So. America has elected its first African-American President. But while other parts of the country clearly were getting over the race hurdle. It appears the south particularly, Mississippi and Alabama, remain decades behind the curve. The south reamained a sea of red despite increased numbers for the Democratic Candidate. As the winds of change sweep across The U.S. The only thing I can see now that would be as earth-shattering as a Black President would be for MS or AL to elect a Black Governor. But are we ready? MS has yet to elect an African American to a state ofc. Can we ever turn this state blue? Or better yet, will this state EVER elect a Black man Governor. And an even better question is, of the available talent who could run next election?
Saturday, November 8
Check out these photos from the Mistletoe Marketplace "Brews and 'Tinis" event last night at the Mississippi Trademart. (Photos by Kip Caven.)
Friday, November 7
Apparently feeling the pain of late night talk-show hosts, President-Elect Barack Obama took time out of his busy transition schedule to put together an approved list of jokes for the comedians to use. They're doozies, like:
The Daily Mississippian at Ole Miss reported a disturbing response to the Barack Obama presidential victory on Tuesday night:
Thalia Mara Hall
Formed from the same group that performed Broadway's "Beatlemania," Rain has been performing as the fab four since 1977.
Millsaps Lewis Art Gallery
Memphis artist Tad Lauritzen's work is a joy to view.
Mississippi Museum of Art
Crossroads Film Society presents "Opera Jawa" and "Luxury Car" as part of the Global Film Festival,
[Verbatim] There will be a Veterans' Day Program on November 11, 2008 at 9:00 a.m. at Byram Middle School. Veterans, currently serving military personnel and the public are all invited to share in remembering and honoring our veterans. Please come join us for this special recognition of our men and women serving in our uniformed services.
In a positive development for our nation's ongoing effort to stop illegal immigration, the president recently signed into law legislation that provides needed funding for border security programs. The funds were contained in the 2009 Department of Homeland Security (DHS) appropriations bill, which was included in a larger bill passed by Congress in September. The legislation contained funding that will greatly assist DHS in cracking down on illegal immigration and keeping our nation more secure. With over 12 million people currently living in our country illegally, there is no question that our borders are broken. Illegal immigration is a serious problem that needs a serious solution. I have been glad to work with other like-minded members of Congress to increase funding for border enforcement and other programs that crack down on illegal immigration. We have made progress, but there is more work to be done.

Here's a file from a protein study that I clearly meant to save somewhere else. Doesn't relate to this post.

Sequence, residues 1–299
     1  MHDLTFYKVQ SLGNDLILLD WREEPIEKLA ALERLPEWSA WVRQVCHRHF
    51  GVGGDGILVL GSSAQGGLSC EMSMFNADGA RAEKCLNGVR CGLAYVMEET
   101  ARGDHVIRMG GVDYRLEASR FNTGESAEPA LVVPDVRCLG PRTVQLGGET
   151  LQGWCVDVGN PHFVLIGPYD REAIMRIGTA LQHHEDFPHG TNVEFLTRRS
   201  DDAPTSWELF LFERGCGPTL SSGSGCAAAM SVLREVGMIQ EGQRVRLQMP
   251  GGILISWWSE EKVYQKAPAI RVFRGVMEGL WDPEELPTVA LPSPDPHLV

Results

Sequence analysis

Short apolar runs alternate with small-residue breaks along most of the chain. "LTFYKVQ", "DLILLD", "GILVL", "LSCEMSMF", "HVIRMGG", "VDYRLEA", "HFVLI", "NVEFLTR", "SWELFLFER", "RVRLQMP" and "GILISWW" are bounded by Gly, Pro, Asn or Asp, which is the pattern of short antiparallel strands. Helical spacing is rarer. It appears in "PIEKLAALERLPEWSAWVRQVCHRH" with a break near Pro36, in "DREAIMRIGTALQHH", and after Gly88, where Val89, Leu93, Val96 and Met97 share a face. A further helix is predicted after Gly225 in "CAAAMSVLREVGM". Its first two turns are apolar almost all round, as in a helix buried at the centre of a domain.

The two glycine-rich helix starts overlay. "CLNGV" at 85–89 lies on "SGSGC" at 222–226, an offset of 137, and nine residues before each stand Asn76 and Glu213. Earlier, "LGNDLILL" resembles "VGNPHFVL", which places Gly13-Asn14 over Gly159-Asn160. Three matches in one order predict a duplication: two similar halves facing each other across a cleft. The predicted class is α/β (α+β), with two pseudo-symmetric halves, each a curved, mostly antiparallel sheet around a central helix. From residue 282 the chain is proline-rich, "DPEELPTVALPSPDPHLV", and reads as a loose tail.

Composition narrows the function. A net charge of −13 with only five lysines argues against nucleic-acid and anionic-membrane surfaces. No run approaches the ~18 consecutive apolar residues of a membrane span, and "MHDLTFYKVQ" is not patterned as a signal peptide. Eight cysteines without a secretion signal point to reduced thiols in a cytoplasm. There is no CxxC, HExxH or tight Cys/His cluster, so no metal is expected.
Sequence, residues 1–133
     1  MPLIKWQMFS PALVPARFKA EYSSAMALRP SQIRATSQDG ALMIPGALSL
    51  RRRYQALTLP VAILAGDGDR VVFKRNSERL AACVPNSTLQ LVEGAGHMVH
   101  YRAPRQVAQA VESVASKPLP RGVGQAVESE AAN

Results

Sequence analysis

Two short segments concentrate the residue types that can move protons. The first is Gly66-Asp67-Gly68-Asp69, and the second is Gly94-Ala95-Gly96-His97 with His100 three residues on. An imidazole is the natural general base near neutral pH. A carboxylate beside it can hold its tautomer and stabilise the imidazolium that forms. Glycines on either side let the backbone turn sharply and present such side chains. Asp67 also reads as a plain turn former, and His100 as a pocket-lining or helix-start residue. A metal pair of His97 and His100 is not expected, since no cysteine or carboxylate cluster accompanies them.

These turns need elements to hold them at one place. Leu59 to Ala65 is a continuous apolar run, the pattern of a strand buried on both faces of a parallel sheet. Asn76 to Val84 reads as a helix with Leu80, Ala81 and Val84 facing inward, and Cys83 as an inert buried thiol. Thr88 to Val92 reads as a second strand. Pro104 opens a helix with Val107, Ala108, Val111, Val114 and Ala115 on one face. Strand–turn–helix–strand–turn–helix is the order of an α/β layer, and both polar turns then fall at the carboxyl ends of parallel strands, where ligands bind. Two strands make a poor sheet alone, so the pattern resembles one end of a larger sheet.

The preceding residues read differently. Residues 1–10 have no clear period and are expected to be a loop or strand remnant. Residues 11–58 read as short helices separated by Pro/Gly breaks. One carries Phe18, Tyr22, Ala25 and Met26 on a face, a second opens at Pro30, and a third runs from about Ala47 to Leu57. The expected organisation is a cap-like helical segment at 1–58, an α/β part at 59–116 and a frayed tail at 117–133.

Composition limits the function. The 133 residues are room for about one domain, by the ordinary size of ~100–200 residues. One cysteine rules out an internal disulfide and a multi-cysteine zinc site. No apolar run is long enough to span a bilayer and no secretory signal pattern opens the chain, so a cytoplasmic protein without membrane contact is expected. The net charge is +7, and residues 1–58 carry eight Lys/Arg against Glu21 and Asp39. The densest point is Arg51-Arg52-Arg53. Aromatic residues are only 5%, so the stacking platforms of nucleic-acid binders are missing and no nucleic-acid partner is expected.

Jackson, Miss.--- November 7, 2008 With the nation's unemployment remaining high, Consumer Credit Counseling Service (CCCS) of Jackson today reminds people who have lost their jobs to continue paying their bills on time and managing their credit wisely during this difficult period. Managing your credit during unemployment is critical since having good credit is a requirement for some jobs. "Some people have the professional and education background for a new position, but may have an inability to pay bills on time," says Sherry Rainey, CCCS of Jackson president. "Failing to manage your finances during unemployment could affect your credit report and hurt your chances of landing a new job."
Thursday, November 6
In 2006, the Jackson Free Press drove then-presidential hopeful Sen. Joe Biden around the capital city to get him off the beaten path and talk about issues facing everyday Mississippians. Due to his new role as vice president, we are moving the narrative of that visit back to the top of the site for an encore.
Maybe people are bored after the election, but we have something new to talk about. And it's not just the puppy question. Fashionistas may love it (I at least like it), but others are complaining about the dress first lady-elect (or FLOTUS) Michelle Obama chose for Tuesday night. Care to weigh in? See the dress here
After losing over 500 points yesterday in the wake of the American presidential election win by Senator Barack Obama, the Dow is down another 440 points in mid-day trading. CNN Money says the sell-off is accelerating on concerns that falling oil prices and problems in the U.S. auto industry will be harbingers for a longer recession.